Calcium-Rich Supernova Examined with X-Rays for the First Time

Aug 6, 2020

Artist's interpretation of supernova 2019ehk. The star shed gas (in purple) right before the explosion and then created calcium-rich material (in orange). Credit: Aaron M. Geller.

A research team led by scientists at Northwestern University has examined a calcium-rich supernova with X-ray imaging, which provided an unprecedented glimpse into the star during its last month of life and final explosion.

The supernova named SN 2019ehk was discovered on April 28, 2019, by an amateur viewing galaxy Messier 100, a spiral galaxy located 55 million light years from Earth.

University of California Santa Barbara graduate student Daichi Hiramatsu was the first to trigger the space telescope Swift to study SN 2019ehk in the X-ray and ultraviolet light frequencies. Hiramatsu works at Las Cumbres Observatory with staff scientist Dr. Andy Howell. LCO observations were critical in monitoring the long-term evolution of this supernova.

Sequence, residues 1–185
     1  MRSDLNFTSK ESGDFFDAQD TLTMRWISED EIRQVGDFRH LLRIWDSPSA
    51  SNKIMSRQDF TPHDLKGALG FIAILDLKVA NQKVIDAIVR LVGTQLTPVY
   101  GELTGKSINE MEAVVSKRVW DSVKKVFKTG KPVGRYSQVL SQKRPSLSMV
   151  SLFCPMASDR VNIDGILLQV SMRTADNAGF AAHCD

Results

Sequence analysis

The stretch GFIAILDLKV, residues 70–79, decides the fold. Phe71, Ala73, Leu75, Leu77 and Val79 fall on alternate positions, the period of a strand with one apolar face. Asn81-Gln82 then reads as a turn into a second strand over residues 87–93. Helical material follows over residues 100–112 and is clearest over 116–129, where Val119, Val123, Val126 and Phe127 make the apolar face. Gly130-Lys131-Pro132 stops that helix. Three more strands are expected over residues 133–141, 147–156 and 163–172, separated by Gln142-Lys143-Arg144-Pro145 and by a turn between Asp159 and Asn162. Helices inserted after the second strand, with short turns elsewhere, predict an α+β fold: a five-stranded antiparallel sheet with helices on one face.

The worldwide follow-up operation moved so quickly that the supernova was observed just 10 hours after explosion. The X-ray emission detected with Swift only lingered for five days and then completely disappeared. 

“In the world of transients, we have to discover things very, very fast before they fade,” said Professor Raffaella Margutti. “Initially, no one was looking for X-rays. Daichi noticed something and alerted us to the strange appearance of what looked like X-rays. We looked at the images and realized something was there. It was much more luminous than anybody would have ever thought. There were no preexisting theories that predicted calcium-rich transients would be so luminous in X-ray wavelengths.”

Please read the full story of this discovery in these press releases from Northwestern University and the NSF NOIRLab.

Return to Highlights